Human Intel to Navigate the Security Data Deluge

| April 2, 2013

computer_evolution_th.jpgBy Robert J. Shaker II, CISSP, CCSK, CGEIT, CRISC

Since the dawn of man there has been intelligence. Hunter gatherers would venture out and learn from the world around them what each sound, smell, and taste meant. The growl of a large predator would alert them to prepare for a defensive effort or to change paths. The smell of smoke meant other humans were nearby, and the taste of bitter meant something wasn’t edible. As time marched forward, needing to learn more about the other packs of humans around them became more important. There was competition or cooperation for resources but this required getting to know the other pack. Sometimes the best way to do that was to spy on them, to gather human intel about the way they behaved, the way they interacted with each other and to determine how strong or weak they were.

Regardless of the point in history, this has always proven to be true. We can see it as we progress through our modern era. In fact, this became so important that commercial intelligence companies began forming. The Age of Exploration saw a boom in this industry as the colonial armies grew. Their need for intelligence required outside parties, whether to help with the sheer volume of work, geographic disbursement or to give plausible deniability.  Is it so different now?

Today, we are up against countless adversaries. They’re nameless, faceless and shrouded behind false information. The ships that are on the horizon, the spies in our midst and the fortress we protect are all in the digital domain. The virtual skies are foggy and visibility is low. Today’s environment is much more difficult to navigate. The one commonality between these two vastly different times is the importance of human intel, and I’d argue that today it’s even more important than ever. A couple scenarios below will illustrate just how important it is for our innately human talents to remain a vital part of cyber security.

Human Intel?

Computer and Human Intel Evolution Pic

Symantec is clearly a large organization providing security solutions on a global scale. We also provide security services for many of those clients. The Security Strategy & Advisory team is made up of former C-level security executives and expert security assessment professionals focused on direct interactions with Symantec’s customer CISOs to understand real-world IT security challenges and work closely with them to provide cyber security strategy, assessments and penetration testing.

The team also acts as a trusted adviser to security executives, business leaders, and IT executives and management. IE – When a customer is faced with a cyber-attack we work closely with them to get through the incident and get back up and running. For the purposes of this article, it seems appropriate to highlight a couple of brief, real-world incidents where the data alone wasn’t enough to solve the problem. It wasn’t until the unique abilities of the human mind were added into the mix that a breakthrough happened.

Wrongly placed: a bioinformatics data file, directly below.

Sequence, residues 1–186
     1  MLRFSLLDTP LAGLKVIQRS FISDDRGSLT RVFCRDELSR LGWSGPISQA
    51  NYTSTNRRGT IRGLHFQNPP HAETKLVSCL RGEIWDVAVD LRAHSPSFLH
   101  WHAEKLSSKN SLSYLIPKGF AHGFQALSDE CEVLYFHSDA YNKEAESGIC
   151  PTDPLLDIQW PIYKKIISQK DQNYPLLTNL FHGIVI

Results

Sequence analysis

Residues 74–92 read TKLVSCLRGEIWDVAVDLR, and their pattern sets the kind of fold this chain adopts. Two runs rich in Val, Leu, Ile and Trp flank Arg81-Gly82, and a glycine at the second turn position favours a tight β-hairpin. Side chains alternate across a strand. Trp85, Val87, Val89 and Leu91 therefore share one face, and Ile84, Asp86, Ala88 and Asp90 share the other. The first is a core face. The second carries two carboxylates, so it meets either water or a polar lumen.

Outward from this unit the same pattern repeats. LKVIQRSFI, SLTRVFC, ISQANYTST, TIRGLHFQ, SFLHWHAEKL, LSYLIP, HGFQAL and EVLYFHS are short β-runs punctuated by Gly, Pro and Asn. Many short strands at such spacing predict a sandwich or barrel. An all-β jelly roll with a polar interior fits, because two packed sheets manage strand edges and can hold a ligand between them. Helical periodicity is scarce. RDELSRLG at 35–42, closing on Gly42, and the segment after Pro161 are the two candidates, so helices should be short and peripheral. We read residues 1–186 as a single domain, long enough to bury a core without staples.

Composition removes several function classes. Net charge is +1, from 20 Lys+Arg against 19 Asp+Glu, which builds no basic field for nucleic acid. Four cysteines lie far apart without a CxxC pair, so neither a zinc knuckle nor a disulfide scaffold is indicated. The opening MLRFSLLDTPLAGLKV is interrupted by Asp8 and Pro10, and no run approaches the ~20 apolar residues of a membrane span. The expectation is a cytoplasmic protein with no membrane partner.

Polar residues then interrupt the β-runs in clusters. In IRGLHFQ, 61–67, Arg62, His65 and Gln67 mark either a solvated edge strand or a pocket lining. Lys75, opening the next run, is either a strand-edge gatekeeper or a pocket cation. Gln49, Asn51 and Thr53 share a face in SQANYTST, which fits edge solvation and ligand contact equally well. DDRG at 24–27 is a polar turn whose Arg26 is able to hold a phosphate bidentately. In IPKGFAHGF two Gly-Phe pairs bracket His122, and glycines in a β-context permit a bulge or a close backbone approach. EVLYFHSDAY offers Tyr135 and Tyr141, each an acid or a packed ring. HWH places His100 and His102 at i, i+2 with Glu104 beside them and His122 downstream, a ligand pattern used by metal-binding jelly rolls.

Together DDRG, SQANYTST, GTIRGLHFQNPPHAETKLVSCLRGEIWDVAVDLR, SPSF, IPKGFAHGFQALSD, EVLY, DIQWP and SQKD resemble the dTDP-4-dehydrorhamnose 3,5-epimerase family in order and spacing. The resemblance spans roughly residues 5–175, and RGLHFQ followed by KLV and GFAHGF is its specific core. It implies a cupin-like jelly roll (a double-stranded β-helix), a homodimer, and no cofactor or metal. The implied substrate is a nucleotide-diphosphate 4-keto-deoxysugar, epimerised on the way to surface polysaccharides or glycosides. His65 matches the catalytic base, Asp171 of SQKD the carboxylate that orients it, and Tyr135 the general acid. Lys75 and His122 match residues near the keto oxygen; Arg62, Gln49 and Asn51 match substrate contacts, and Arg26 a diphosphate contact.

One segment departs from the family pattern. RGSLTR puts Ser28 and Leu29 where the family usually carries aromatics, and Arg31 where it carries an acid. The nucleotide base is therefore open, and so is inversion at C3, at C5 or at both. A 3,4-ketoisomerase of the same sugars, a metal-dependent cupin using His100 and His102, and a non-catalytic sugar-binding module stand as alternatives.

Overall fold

Scenario #1: Testing the Media

There was a large media outlet under attack, and they didn’t know it. Symantec observed that there was malicious traffic being directed against the victim’s Content Management System (CMS) with application layer attacks employed to maximize disruptive impact to the victim’ servers above and beyond the normal traffic load. The application layer tactics included repeated queries against the CMS’s search system as well as repeated requests for likely bandwidth and processor resource intensive video objects served by the news site. Based on experience with such characteristics through our Global Intelligence Network, the observed targeting was quickly identified as being consistent with a more sophisticated operator. It was also likely that his operator knew that the target was a large media company that normally serves large amounts of content. Thus the attackers anticipated the need to defeat a robust web server that would be commonly used in a media organization’s content delivery infrastructure.

Based on human experience, Symantec was able to see and correlate that the attack actors were a known cyber-criminal group. The strange thing is that this attack group was not known to target media outlets. In the past, they’d specialized in attacks on financial services. By applying human intelligence it was determined that the media outlet was being used to test a new variant of attack to determine how a defender might react. When contacted, the media outlet’s response was typical. “What attack? We’re experiencing a network outage. We’ve got our team working with the service provider to rectify the problem.” Once the media outlet understood the full context, they were able to redirect their efforts and properly defend against the attack.

Lessons Learned

By understanding the perspective and motivations of the attack actors, human intelligence was able to not only rescue the media outlet but also provide a head start on preparing financial organizations for possible future techniques that could be used against them. Human intelligence, the original tool we all relied on, has been somewhat lost over recent years as automation and machine learning became the buzz words in security defense trends. As the threat landscape and attack actors have evolved to new heights of sophistication, human intelligence is back proving its worth once again. Speaking of financial organizations…

Scenario #2 – Always Know What the Other Hand is Doing